Eminem’s Bonaroo set last week made headlines after audio effects used in his performance of “Kill You” caused several concertgoers to think they were hearing live gunshots. The affected attendees, some of them with sizable social media followings, then took to Twitter to criticize the singer using such an effect in a culture currently overwhelmed with gun violence. A spokesman for Eminem later clarified that the effect was not gunshots, but rather “a pyrotechnic concussion which creates a loud boom.”
“He has used this effect — as have hundreds of other artists — in his live show for over 10 years, including previous U.S. festival dates, without complaint,” explained Eminem’s manager, Paul Rosenberg.
The response’s brusqueness made it sound as if Em likely wouldn’t be changing his set to accommodate the discomfort, and, as a pre-show message displayed at this weekend’s Firefly Festival in Dover, Delaware makes clear, that’s most certainly the case.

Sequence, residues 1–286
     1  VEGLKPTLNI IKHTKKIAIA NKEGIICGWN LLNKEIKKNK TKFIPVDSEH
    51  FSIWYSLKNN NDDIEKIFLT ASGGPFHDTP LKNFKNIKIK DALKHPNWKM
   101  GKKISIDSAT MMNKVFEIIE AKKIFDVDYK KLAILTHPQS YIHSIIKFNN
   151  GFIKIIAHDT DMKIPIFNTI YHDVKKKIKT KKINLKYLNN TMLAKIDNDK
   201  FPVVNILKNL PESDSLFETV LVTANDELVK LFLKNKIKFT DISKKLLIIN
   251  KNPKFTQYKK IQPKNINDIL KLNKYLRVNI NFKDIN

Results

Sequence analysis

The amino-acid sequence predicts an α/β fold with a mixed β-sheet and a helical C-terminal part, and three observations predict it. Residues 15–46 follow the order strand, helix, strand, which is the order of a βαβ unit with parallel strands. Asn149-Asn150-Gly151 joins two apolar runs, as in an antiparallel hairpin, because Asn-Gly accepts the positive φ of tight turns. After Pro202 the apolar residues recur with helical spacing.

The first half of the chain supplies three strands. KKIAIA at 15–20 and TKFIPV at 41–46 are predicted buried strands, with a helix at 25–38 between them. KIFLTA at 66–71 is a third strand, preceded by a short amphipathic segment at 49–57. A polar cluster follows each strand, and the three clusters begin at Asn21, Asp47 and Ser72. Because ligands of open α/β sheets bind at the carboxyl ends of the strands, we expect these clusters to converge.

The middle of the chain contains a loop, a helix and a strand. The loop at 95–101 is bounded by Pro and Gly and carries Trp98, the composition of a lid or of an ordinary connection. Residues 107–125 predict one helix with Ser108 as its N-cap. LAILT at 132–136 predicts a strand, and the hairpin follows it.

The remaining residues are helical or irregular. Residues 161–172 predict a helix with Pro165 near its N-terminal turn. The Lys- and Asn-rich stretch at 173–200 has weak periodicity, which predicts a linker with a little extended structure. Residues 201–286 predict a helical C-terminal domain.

“If you are easily frightened by loud noises or offended by explicit lyrics you shouldn’t be here,” read a warning projected on the stage’s accompanying screens.
As we previously noted, this issue isn’t the fault of Eminem or any other artist to use the effect, but rather an illustration of our nation’s collective fear that we could be gunned down at any second. While schools are undoubtedly seeing the majority of the violence, festivalgoers will forever live in the shadow of the terror attacks at both Paris’ Bataclan and Las Vegas’ Route 91 Festival, both of which resulted in the loss of of dozens of lives. Our world is different now, and the questions of how that impacts art and performance is one we’re still navigating.
See a photo of Eminem’s Firefly stage message below.